- How does the clarity of a definition affect the truth of a proposition?

Propositional logic offers a means of considering statements and determining if they are true or false. Our readings make this appear to be an easy thing because the examples have clear definitions for the terms in the **proposition**. But, clarity is not
always easy to achieve. For example, we might say true or false is easy to determine for the statement, "The number 5 is an odd number". But, as we apply propositional logic to practical applications, what does "odd" mean? If we limit the discussion
to pure mathematics, we know the definition of "odd" and can say the statement is true. But, if we make the statement in the domain of temperature control and are expecting a reading of 5, then that number would not be odd at all, in the sense of
the domain and expectations for readings. Basically, the domain of discussion matters a great deal.

We also have to think clearly about what is said and what is not said as we determine whether or not a statement is true. Consider the situation described in the readings regarding the statement, "if p then q". Its truth table is repeated here:

If p and q are both false, then the statement is true since p is supposed to directly lead to q. If p is true and q is false, for the same reason, we know the statement to be false. And so it is also true when p and q are both true. But, how is it that if p is false and q is true that the statement is true? There is nothing that says q cannot be true if p is false. Put another way, just because product p has not been delivered does not mean product q cannot be produced. In this situation, product p may already be on hand in sufficient quantity. As discussed in the readings, other factors may come into play when making a decision. As a lawyer once said to this writer, any reasonably intelligent person can understand what is said. It takes a lawyer to understand what is not said. The same is true in computer programming and other fields of work. Definition, clarity, situation, and logic matter.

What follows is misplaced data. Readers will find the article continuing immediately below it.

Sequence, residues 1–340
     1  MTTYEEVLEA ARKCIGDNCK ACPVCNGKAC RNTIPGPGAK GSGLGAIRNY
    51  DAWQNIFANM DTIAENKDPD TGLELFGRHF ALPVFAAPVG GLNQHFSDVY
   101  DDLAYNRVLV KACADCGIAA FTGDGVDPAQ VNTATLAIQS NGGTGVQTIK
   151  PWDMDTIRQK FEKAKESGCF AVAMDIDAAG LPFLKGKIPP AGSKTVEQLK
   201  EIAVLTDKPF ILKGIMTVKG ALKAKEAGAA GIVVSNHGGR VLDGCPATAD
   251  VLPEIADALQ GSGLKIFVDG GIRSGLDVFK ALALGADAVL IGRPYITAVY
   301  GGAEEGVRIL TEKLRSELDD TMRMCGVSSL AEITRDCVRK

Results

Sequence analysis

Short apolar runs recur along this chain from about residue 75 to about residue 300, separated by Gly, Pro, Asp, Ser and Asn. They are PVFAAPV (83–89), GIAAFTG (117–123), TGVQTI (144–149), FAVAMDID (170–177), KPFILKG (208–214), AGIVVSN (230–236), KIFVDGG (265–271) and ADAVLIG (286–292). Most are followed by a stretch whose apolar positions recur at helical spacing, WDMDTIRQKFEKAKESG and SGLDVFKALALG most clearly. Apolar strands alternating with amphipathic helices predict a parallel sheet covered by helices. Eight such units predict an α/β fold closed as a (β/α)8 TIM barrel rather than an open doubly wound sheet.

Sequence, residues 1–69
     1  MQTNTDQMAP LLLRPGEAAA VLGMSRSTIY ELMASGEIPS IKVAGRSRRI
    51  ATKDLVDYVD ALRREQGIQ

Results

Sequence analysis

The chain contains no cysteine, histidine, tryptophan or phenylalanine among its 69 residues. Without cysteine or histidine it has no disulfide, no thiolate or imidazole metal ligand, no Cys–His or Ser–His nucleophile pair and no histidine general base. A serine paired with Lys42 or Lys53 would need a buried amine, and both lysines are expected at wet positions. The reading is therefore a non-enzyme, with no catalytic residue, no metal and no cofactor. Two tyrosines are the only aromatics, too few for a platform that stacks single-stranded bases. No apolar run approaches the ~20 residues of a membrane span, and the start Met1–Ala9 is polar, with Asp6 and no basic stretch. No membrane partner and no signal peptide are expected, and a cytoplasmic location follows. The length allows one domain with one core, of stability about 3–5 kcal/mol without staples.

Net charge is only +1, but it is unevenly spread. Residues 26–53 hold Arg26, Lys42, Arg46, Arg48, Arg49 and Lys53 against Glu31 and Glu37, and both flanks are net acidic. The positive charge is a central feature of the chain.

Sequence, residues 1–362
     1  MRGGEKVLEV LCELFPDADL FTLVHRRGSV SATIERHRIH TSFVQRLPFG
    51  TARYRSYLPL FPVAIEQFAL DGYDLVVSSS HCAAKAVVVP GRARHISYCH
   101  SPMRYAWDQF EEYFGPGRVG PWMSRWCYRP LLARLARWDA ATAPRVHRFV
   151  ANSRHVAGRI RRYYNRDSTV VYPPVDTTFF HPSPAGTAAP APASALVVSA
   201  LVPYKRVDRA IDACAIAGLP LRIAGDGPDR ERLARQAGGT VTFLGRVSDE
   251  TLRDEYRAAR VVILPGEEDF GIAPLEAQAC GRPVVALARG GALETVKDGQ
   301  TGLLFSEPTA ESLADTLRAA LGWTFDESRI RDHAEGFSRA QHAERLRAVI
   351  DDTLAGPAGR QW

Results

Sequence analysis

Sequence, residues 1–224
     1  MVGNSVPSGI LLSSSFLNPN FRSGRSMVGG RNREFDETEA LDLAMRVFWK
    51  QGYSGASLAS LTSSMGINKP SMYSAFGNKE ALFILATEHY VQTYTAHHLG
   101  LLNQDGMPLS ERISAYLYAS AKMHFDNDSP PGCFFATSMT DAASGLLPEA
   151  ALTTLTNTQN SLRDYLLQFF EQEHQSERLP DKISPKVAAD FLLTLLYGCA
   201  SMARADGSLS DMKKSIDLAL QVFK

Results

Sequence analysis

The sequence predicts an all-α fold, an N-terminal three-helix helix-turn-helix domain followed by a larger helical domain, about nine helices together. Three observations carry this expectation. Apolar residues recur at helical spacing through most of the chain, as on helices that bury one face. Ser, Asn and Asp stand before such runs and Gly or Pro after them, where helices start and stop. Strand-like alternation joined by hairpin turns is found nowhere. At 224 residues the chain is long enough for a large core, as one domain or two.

Another area of confusion is that many people, colloquially, assume that if x implies y then y also implies x. This is false and causes much confusion because **correlation** does not mean **causation**. Another way of looking at it is to say that, because a
blue bottle is a good bottle, all good bottles are blue. An assembly line may be set up to produce bottles that filter out certain wavelengths of light. Blue might be the best filter, and so bottles are accepted in that color. But, lesser shades of
blue might also be sufficient filtering, and the difference may not be visible to the human eye. Thus, not all good bottles are necessarily blue, in the strict sense of the definition of "blue".

Review Propositions and Logical Operators.

### 3c. Write a logic equation based on the natural-language statement of a problem

- As statements become more complex, is there a way to summarize them so that the summary is logically equivalent to the original statement?
- Why do we use specialized notation instead of just writing out what we want to say?
- In what way do logic operations compare to arithmetic operations?

Like arithmetic operations, **logic operations** have strict definitions. Each symbol (notation) has a certain meaning that is exactly specified. The specification is exact so that there is no confusion with colloquial languages. And, arithmetic and logic
symbols tie their meaning to certain other symbols. For example, in both systems, arithmetic and logic, we can write, "A + B". Without knowing which system we are speaking of, we cannot determine the meaning of the variables A, B, nor the operator
+. In arithmetic, we know that A, B refer to numbers and that the operator means we are to determine the new value when A, B are added. Numeric addition is exactly specified and we know how to carry out that operation. In logic, "A + B" means we are
to take the OR of A,B. Since we are in the logic system, not the arithmetic system, we know that A, B are binary values, {0, 1}, {false, true). We know how to carry out the OR operation since OR has a precise definition. (Of course, there are other